Whether referencing the landscape or architecture or both, metalsmith Eleanor Moty creates distinctive jewelry that poetically encompasses both wearer and viewer. Moty first gained recognition in the 1960s and 1970s for using cutting-edge fabrication techniques—such as electroplating and photo-etching—in adornment. She shifted her focus toward including stones in her work and the large-scale brooches she has been creating over the last couple of decades exemplify her dialogue with the “linear imagery” of quartz stones.
In essence, Moty’s elaborate and time-consuming process begins with finding the right stone—which a stonecutter has modified—and building from there. The artist engages with the tone, shape, and features of her chosen stone. Preferring brooches to other forms of jewelry, she remarks on their relatively self-contained nature: “Brooches needn’t be worn to be complete…Not having to fit the piece to the body…I can concentrate on the sculptural aspects.”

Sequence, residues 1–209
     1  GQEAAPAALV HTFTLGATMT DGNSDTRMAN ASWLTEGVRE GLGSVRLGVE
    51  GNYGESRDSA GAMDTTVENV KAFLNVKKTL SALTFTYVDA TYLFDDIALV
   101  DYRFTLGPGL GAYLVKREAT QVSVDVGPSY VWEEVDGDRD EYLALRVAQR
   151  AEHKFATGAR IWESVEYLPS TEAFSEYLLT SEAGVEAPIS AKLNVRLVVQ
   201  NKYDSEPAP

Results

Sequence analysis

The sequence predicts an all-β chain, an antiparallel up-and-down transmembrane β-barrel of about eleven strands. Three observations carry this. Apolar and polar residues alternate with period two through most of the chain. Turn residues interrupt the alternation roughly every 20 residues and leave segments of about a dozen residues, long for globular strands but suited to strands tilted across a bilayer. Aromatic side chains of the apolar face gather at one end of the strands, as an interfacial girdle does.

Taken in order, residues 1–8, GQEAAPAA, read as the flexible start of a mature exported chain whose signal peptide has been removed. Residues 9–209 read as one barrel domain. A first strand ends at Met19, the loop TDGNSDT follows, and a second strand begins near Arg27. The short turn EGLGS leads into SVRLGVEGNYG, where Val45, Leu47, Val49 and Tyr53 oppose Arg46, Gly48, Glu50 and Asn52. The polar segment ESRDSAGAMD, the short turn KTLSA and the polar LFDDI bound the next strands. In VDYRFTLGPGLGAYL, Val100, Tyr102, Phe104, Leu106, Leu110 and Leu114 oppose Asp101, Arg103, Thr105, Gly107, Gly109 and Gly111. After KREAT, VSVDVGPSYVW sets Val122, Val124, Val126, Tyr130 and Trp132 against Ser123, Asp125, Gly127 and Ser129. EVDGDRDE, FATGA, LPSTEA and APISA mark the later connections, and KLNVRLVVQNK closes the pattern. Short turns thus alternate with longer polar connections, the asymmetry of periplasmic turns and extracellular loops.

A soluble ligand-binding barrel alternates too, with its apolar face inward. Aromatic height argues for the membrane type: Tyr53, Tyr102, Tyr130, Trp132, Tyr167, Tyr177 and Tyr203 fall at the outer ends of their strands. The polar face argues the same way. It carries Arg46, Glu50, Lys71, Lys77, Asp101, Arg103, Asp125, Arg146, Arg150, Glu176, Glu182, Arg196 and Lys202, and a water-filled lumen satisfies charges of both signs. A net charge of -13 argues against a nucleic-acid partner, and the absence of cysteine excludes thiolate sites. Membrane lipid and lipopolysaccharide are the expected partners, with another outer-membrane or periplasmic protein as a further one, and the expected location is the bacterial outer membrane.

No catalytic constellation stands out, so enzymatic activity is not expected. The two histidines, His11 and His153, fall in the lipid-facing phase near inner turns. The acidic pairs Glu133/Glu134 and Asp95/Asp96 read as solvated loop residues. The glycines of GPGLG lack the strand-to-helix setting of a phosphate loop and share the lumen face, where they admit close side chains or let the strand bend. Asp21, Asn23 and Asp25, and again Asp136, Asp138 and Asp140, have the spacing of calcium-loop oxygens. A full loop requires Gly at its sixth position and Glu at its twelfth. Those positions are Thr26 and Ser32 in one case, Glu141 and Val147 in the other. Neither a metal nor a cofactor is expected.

Moty has been applauded for her many contributions to the field, including a 28-year teaching career at the University of Wisconsin-Madison—in a department she helped develop into one of the most well-regarded in the country.
With 12 pieces currently in the collection, including an early photo-etched hand mirror and brooches containing large quartzes, RAM ranks Moty as an archive artist. Featuring over 35 works, including several from RAM’s holdings as well as recently finished pieces, this exhibition owes its name to a recently-published monograph on the artist. It follows a similar arc to the book in representing Moty’s working career to date—over 50 years of making.
In addition to examples of her jewelry, the exhibition will include a video where Moty describes her process in-depth as well as sketches borrowed from the artist.
Quiet Elegance: The Jewelry of Eleanor Moty, published by Arnoldsche Art Publishers, is available through the RAM Museum Store.